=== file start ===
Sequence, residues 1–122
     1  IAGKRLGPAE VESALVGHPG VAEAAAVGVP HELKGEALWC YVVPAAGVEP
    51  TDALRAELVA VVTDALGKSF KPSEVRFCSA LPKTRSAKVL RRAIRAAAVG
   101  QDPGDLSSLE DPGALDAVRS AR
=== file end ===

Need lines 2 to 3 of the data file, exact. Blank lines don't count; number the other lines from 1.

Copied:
     1  IAGKRLGPAE VESALVGHPG VAEAAAVGVP HELKGEALWC YVVPAAGVEP
    51  TDALRAELVA VVTDALGKSF KPSEVRFCSA LPKTRSAKVL RRAIRAAAVG